Tribe + Glory: Challenging the Traditional Narrative

Read how Tribe + Glory empowers female entrepreneurs in Uganda with a living wage, debt-free capital and business training.

Last edited: 7/30/2020

For centuries Ankole cattle have played a vital role in the Ugandan economy, with bold sculptural horns up to 6 feet long. Tribe + Glory uses these meat industry byproducts to empower female entrepreneurs. Based in the Town of Kamuli, the company hires women to create sustainable jewelry and homegoods. The employees earn a living wage, save debt-free capital and participate in business training. Co-founder Caragh Bennet says, "True agency was at the heart of the model from the very beginning. Instead of a traditional charity narrative with a beneficiary/benefactor power dynamic, we asked ourselves, ‘How can we empower women and put this in their hands?'"

Model wearing a Ankole Cattle Horn and Brass Link necklace
Tribe + Glory artisans create sustainable jewelry from Ankole cattle horn, a by product of the local meat industry.

Caragh and co-founder Loren Thomas met during a gap year while volunteering in Uganda for a non-profit. Loren was working on a women's empowerment program for that organization. After their gap year, Loren returned to the University of Texas in Austin where she graduated with a degree in Youth and Community. Caragh went back to Oxford, where she wrote about her experiences in Uganda in her dissertation on Post-Colonial Feminist Development. In fall 2017, Tribe + Glory was born. Caragh handles marketing, planning and budgets from the UK. Loren handles design, splitting her time between Uganda, the UK and Texas.

The brand started with jewelry and expanded to home goods, all created from Ankole cow horns, a waste product of the local meat industry. The gradations in the horns lend themselves to clean, bold forms like cuffs studded with recycled brass, linked necklaces and bowls. Loren says, "We adore the medium and we want our designs to show the natural beauty of the horn."

Caragh remembers, "We were really new to the design game. We knew we wanted to focus on excellence, brilliant artisanship and price points that reflected the value of the women's labor." Today, Tribe + Glory sells their collections online with shipping to the US and UK.

To comply with the legal complexities of trading as a nonprofit organization, Tribe + Glory consists of five enterprises overseen by three boards: One in the US, one in the UK and an overarching advisory board in Uganda that includes women from the entrepreneurship program.

When the Black Lives Matter movement received increasing attention from white communities, Tribe + Glory gained followers and support on social media. Loren says, "We were very transparent that we are not a black-owned company. We try to be very aware of how we use our privilege."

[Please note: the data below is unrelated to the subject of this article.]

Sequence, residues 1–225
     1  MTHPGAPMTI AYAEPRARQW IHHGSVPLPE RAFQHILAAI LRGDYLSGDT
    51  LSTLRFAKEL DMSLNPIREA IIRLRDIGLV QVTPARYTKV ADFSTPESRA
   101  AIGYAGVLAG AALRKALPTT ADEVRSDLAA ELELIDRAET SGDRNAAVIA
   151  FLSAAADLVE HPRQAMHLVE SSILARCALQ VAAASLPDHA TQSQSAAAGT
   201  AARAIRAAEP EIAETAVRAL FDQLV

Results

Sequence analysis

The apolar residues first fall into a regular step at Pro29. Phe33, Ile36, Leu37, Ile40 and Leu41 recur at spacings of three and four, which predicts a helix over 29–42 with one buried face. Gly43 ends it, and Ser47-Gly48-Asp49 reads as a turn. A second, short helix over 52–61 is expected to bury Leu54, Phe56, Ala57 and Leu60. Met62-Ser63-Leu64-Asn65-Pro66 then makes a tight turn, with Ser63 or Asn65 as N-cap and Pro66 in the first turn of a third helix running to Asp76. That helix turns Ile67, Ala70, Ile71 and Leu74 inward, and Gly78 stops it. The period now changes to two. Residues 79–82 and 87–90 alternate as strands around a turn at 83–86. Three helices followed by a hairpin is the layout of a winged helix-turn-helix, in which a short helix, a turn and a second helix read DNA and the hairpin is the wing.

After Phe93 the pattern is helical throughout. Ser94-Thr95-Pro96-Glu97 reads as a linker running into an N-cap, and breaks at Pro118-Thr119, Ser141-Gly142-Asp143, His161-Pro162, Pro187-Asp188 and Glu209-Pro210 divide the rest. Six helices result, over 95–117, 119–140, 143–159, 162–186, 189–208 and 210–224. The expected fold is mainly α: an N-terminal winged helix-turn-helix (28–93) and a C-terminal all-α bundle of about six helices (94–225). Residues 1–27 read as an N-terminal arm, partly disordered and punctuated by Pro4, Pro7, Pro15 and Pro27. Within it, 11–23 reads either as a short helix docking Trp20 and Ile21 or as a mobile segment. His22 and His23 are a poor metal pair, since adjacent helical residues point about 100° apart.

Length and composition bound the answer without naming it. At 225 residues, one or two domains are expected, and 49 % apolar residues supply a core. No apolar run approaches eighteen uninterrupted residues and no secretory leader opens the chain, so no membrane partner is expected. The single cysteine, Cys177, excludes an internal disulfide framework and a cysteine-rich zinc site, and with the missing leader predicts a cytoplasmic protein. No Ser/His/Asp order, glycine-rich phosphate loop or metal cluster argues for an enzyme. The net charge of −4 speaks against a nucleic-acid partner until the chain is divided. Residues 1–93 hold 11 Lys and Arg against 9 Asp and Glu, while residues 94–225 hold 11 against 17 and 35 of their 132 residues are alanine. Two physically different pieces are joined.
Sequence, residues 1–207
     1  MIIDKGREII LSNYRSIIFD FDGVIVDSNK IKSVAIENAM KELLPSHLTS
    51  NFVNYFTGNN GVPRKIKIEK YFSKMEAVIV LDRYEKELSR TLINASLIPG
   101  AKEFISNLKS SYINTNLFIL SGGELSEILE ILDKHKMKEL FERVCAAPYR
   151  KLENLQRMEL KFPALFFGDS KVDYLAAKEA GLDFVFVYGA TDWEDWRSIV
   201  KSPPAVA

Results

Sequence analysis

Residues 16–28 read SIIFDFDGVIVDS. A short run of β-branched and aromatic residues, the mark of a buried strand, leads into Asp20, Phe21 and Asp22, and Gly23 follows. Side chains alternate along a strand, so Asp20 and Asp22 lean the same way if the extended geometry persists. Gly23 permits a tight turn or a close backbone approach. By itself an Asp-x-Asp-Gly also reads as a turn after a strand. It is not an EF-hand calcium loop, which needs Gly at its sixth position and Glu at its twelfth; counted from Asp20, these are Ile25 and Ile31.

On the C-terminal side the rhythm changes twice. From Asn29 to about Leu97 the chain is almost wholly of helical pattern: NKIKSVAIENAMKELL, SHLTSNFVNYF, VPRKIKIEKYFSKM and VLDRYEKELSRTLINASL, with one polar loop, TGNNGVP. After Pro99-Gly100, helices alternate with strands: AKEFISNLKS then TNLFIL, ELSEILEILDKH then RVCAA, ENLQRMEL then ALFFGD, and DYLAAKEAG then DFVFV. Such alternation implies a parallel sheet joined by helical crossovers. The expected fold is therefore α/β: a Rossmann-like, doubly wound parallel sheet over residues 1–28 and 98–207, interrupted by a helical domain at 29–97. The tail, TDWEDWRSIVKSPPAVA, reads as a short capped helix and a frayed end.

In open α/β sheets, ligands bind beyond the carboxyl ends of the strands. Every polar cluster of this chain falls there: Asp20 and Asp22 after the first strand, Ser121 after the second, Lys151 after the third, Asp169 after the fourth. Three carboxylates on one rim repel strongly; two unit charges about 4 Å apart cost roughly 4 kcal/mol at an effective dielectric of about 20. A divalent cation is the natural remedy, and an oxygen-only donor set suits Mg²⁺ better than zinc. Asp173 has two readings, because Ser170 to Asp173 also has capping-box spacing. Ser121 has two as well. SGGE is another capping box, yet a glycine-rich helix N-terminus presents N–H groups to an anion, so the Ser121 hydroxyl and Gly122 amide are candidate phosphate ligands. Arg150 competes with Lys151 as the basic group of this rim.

Women come to Tribe + Glory with a business dream, from selling garlic to dressmaking. As production employees, the women receive 40% of their salary as a living wage that enables them to bring their families out of poverty. The other 60% goes into a fund that will provide the capital for them to launch their own businesses. The women also participate in rigorous entrepreneurship training that covers topics like leadership, budgeting and marketing." Loren says, "The training and production staff is fully Ugandan. It's inspiring for the women to learn from teachers who look like them."

Betty, Olivia and Robina, three craftspeople at Tribe + Glory
Tribe + Glory employees split their time between production and entrepreneurship training.

Relative to men, a higher percentage of women under the age of 18 drop out of school in Uganda. And if they're not in school, they often can't access peer-to-peer relationships. Loren says, "Several women have said that they've never had friendships like this before."

Many of the women who graduate from the program go on to become benefactors themselves. Caragh says, "They have amazing vision for their communities." For example, some graduates hire women without educations, because they can empathize with the stigma. Others work with the local government and advocate for children with special needs.

A particularly memorable symbol of the women's increased mobility emerged during the COVID-19 shutdown, when public transportation wasn't available. In Uganda, bicycles are usually ridden by men. During the shutdown, many women purchased their own bicycles so they'd be able to work. Caragh says, "It was wonderful to see them riding around the community, on their way to the jobs that support their families."